They call it the Leningradka Derby. Considering that the rivals who play in it are CSKA Moscow and Khimki Moscow Region, the name may seem odd to geography buffs who know that Leningrad was the former name for St Petersburg, which sits 712 kilometers away from the Russian capital.
But the trick here is in the word endings. CSKA's headquarters in central Moscow sit on Leningradsky Prospect, an avenue that soon turns into Leningradskoe highway as it begins its long trek northwest, all the way to St Petersburg. Along the route, that highway crosses through – you guessed it – the Khimki area on the northwest perimeter of the capital.
As such, the teams and fans going either way to games between CSKA and Khimki do their traveling on Leningradka, whose word ending makes it a short, slang term for highway and avenue.
The question is: Just how busy will Leningradka be with basketball traffic over the next couple of weeks?
That is an open question precisely because, in a few hours, CSKA and Khimki will tip off the first city series in Turkish Airlines EuroLeague Playoffs history, a best-of-five affair that could last from nine to 14 days depending on the results.
The received wisdom is that CSKA will win, and that's a perfectly logical assumption to make now, before the series starts. CSKA is, after all, the top team in the EuroLeague this season and the most successful ever at making Final Fours, thanks to a perfect 12-0 record in playoffs series since the system was established in 2005. CSKA also has a recent history of knocking the stuffing out of Khimki in their both the EuroLeague and their domestic competitions.
Indeed, the list of reasons why CSKA is expected to win this series is as long as Leningradka. But of course, the reason the games are played is to find out if all those assumptions are ultimately true – or not. Luckily, we don't run the playoffs through a computer program to find out who wins. We prefer that the players decide matters for themselves in the arena.
This series is of the utmost interest as it starts because it questions some of the tenets of home-court advantage. Yes, CSKA will play the first and the most games, if necessary, on its own court. And Khimki will play the third and, if necessary, fourth ones further up the Leningradka road. But both of their arenas are rather new to these teams and they've faced each other enough in their domestic competition that little about the venues themselves will be unfamiliar to either of them.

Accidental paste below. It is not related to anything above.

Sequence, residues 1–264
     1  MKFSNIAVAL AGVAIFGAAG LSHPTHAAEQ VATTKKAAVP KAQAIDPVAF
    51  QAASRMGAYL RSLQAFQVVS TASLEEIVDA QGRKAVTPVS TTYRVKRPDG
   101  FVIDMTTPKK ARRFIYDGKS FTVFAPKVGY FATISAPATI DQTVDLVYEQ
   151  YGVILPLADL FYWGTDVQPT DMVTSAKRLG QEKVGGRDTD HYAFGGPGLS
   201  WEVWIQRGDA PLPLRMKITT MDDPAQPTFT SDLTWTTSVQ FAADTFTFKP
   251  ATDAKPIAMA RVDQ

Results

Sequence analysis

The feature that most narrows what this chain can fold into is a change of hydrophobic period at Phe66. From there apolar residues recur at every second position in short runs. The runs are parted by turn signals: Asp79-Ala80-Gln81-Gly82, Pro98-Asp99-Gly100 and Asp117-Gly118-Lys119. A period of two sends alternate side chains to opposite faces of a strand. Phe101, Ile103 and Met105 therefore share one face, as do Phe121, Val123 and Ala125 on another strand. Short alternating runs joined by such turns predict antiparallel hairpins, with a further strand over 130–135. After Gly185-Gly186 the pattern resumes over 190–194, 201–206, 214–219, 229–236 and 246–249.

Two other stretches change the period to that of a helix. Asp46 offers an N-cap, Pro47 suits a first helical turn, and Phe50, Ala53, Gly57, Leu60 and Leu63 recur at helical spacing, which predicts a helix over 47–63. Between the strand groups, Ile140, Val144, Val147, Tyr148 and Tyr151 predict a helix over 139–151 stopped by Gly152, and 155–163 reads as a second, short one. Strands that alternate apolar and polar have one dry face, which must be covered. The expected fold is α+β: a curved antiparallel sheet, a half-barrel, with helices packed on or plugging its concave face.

What will be different in this city series is that both teams are already home – and they are not going anywhere until they have settled this showdown for posterity. No packing, no shuttles, no airports, no flights, no change of time zone. And no practices missed by one team, but not the other, due to the travel. The likelihood is that everyone sleeps at home instead of hotels would be another playoffs first.
Can any of this change the dynamics of the series? It's hard to say because the aforementioned benefits of being in one's home city apply here to both teams. Although it still must face the toughest team from the regular season, the disadvantage of having to travel before the opener and to a hypothetical fifth game has been deducted from Khimki's penalty for finishing eighth. Khimki also has the benefit of knowing CSKA a lot more than they would know any other opponent.
Injuries may play a bigger factor, with Khimki having missed some key players late in the season and everyone waiting to see if Kyle Hines will try to play for CSKA or not. But more than who doesn't play, of course, is how those who do play go about their business, and that is another reason why CSKA is favored. The club and many of the players on this roster have gone about their business impeccably as far back as many of us can remember – and good habits run deep.
Khimki does not yet have such good habits but is fortunate to have a head coach who brought two other teams to Final Fours in his first season on their benches. That shows that good habits can be learned quickly. The key to this series may well be how much Khimki has learned – or not – in 30 games to date. The talent is there for the underdogs – no one doubts that – and Khimki is not averse to depending on its defense, which as the saying goes, wins championships.
But in CSKA, the challengers are up against a winning machine whose laser-like focus this season might be even more impressive than in years past. CSKA has not taken its eye off the ball yet, and chances are they will not. The hard truth is that if Khimki wants to even push this series to more than three games, it will have to outplay CSKA. There is no other exit. CSKA will not give away anything at all.
In the end, Khimki will hope to travel up and down Leningradka as much as possible over the next fortnight. Because that will mean that this series goes the distance. And if Khimki can get it that far, to Game 5, then anything can happen. That may be true, particularly, when a do-or-die final game is not on the road – as in all the way across a continent – but just a quick ride to the near end of Leningradka, the highway that unites the very first cross-town rivals in EuroLeague Playoffs history.